Q2: Everyone who has worked with you remarks on your “smarts.”  What kinds of smarts are particularly valuable in healthcare marketing?

Not to be glib, but the practical kind. Ideas that drive better health and better value for patients. That’s my North Star!

Q3: In a video preceding your Industry Person of the Year award, agency founder and CEO Dale Taylor said that almost no one has impacted more brands and careers over the past 35 years than you.  How have you affected other people’s career growth?  How important is it for healthcare marketing execs to advance the professional development of others?  

Let’s just be honest here. The key to that statement being true, if it is, is that I’ve been doing this job for almost 38 years. I’ve been fortunate to have touched a lot of great brands and hopefully grow a lot of people in that time frame.

As for the importance of helping others advance in their careers: to be human is to help other people. I think Maya Angelou said it best: “I’ve learned that you shouldn’t go through life with a catcher’s mitt on both hands. You need to be able to throw something back.”

Q4: Your colleagues say you’re big-hearted and truly care about the people helped by our industry. How important is empathy in healthcare marketing?

Empathy is critical in any job, anywhere. Period.

Q5: In accepting the Industry Person of the Year award, you said that good medical advertising depends on lots of different personalities, talents, and skills and that anyone can become a standout by pursuing what they’re good at and doing it very well.  What kind of new career opportunities are there for people just entering the field? 

Today, we comparison shop everything on the internet, and are no longer bound to network programming. We stream as we please. That’s going to become the norm for all of promotion, ESPECIALLY healthcare, where the patient is of supreme importance. We need technicians, content providers, and innovators to drive that movement, which is inevitable.

Q6: You thanked your wife, Rhonda, above everyone else in your acceptance speech. Besides your wife and family, what else gives you balance and perspective in your life?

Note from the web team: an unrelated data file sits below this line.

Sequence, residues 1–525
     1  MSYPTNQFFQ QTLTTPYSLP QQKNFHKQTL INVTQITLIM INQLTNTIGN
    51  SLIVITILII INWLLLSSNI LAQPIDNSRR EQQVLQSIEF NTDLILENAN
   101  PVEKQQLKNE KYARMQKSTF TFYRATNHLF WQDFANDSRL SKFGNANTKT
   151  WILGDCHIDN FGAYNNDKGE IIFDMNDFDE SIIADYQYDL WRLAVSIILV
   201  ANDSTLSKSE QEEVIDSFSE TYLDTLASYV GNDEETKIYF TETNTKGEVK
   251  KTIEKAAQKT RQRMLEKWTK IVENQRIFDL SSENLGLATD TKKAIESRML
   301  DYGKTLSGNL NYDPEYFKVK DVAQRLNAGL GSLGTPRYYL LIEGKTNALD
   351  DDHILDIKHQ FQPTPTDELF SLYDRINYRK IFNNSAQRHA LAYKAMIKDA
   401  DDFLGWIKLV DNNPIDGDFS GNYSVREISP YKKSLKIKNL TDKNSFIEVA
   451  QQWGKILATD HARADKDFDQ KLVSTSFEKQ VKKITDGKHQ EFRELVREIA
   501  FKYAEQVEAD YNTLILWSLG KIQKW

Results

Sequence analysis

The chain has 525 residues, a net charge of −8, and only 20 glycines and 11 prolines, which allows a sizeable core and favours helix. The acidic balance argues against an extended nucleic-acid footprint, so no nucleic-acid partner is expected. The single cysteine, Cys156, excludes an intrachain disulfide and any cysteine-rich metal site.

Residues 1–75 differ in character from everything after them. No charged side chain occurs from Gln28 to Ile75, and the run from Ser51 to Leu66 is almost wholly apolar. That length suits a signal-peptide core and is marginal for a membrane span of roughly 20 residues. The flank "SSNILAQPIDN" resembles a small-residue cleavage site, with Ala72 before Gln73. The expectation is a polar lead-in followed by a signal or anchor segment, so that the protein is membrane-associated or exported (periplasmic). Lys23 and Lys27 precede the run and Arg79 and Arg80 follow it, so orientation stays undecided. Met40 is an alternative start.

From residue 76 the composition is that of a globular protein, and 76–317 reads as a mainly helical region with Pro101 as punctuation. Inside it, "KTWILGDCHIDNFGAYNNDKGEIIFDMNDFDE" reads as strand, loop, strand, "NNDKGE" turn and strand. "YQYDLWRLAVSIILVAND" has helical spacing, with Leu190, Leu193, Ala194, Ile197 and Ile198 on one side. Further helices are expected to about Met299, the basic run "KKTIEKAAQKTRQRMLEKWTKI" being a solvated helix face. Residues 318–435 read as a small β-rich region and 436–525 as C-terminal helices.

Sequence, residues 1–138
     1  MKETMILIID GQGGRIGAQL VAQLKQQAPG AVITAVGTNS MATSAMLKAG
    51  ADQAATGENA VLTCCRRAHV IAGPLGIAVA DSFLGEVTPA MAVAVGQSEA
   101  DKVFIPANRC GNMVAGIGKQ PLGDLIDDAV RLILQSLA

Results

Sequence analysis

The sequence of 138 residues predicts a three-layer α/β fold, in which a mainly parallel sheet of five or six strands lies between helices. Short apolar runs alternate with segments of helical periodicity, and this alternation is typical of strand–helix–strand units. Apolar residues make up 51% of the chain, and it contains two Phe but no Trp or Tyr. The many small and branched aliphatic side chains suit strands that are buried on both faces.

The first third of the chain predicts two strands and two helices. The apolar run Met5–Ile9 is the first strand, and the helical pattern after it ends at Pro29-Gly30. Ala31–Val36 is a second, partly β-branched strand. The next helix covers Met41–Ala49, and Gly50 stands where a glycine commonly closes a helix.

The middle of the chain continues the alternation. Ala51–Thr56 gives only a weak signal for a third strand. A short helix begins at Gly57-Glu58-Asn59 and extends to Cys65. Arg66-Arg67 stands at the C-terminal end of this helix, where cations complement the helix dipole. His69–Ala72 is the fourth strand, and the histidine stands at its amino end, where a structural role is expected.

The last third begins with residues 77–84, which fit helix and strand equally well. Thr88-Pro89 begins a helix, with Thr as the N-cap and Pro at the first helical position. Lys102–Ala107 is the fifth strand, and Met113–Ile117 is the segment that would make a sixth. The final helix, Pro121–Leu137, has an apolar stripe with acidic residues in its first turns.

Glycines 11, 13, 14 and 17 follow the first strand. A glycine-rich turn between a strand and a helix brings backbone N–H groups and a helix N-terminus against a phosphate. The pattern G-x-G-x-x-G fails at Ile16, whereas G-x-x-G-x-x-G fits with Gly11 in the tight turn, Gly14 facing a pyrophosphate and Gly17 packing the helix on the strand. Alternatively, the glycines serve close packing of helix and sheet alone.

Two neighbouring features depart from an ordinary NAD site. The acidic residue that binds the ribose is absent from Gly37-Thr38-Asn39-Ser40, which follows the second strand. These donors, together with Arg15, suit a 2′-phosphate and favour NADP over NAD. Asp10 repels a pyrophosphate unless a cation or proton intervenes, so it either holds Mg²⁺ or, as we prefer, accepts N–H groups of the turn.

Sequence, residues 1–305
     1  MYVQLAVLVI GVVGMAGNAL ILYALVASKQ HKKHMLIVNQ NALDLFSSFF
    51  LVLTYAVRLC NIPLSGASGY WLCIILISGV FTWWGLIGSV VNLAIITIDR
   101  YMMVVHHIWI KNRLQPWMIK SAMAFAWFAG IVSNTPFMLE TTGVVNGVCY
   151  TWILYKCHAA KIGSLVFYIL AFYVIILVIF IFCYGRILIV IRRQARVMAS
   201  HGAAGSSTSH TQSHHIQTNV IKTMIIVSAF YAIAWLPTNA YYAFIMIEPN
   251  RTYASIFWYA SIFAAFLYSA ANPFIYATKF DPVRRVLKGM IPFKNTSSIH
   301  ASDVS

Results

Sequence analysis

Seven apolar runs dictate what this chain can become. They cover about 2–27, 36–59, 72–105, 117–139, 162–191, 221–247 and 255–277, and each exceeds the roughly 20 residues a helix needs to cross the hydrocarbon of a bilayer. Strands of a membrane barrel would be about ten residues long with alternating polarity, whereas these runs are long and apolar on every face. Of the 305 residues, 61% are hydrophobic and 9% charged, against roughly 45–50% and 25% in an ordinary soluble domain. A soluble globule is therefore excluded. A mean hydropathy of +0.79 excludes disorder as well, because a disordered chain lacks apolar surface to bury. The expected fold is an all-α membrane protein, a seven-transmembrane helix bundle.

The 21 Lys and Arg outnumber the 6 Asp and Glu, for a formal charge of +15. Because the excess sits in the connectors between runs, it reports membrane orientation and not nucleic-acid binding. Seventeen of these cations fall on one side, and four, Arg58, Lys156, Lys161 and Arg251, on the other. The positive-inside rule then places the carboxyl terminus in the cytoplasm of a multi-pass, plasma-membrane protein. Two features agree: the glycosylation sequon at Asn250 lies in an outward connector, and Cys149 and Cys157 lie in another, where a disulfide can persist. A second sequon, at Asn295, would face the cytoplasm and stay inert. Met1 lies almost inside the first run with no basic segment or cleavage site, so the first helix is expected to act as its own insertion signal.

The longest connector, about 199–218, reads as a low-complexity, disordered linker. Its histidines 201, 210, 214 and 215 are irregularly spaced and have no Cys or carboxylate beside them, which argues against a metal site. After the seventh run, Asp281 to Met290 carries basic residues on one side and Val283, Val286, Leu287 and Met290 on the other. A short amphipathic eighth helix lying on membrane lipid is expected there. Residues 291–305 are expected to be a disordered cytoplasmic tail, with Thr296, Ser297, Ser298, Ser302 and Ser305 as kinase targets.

Different experiences always drive perspective, and I have had many different work experiences over the years. I am richer for it… more patients served, more relationships made, and more mutual successes forged. The other thing that gives me balance is that I live in a wonderful home on a little lake in the town where I grew up. We’re darn proud of our two stoplights. It truly seems that a body of water sucks your troubles away when you’re near it.

Q7: Michigan – and Berrien Springs in particular – loom large in your legend. Why?

I’m pretty sure I don’t have a legend. Especially in Berrien Springs. My hometown brings peace to me because I live in a community that really is pretty bucolic. I have friends here who have stood the test of time. And it doesn’t hurt that I live in a house that could be a resort. With the loveliest woman in the world and three dearly loved “puppykids.”

Q8: In lieu of the traditional tux, you accepted your Industry Person of the Year award in a Kiss T-shirt, and your Pinnacle award wearing a Michael Stanley Band tee. If your life were a movie, what would be some of the songs on the soundtrack?

Hmmm… Bob Seger’s “Roll Me Away” is my all-time favorite song. I love anything he has ever recorded. I’ve been a Springsteen fan since 1975 (a little late, I know) and watched Bob Seger join him to sing “Thunder Road” to close up Bruce’s show in Ann Arbor in late 1980. I think that the music of Jimmy Buffet and Kenny Chesney feels like vacation, served up best with Red Stripe beer, and I love the outlaw quality of country rocker Brantley Gilbert.

 





About the Author

Gretchen Kren is the Senior Communications specialist at AbelsonTaylor. A 15 year vet in pharmaceutical advertising, with over 10 years experience Coordinating internal and external marketing and communication initiatives. Additionally, she is responsible for all of the agency’s award submissions. Gretchen lives in Chicago’s Logan Square neighborhood with her husband and three children.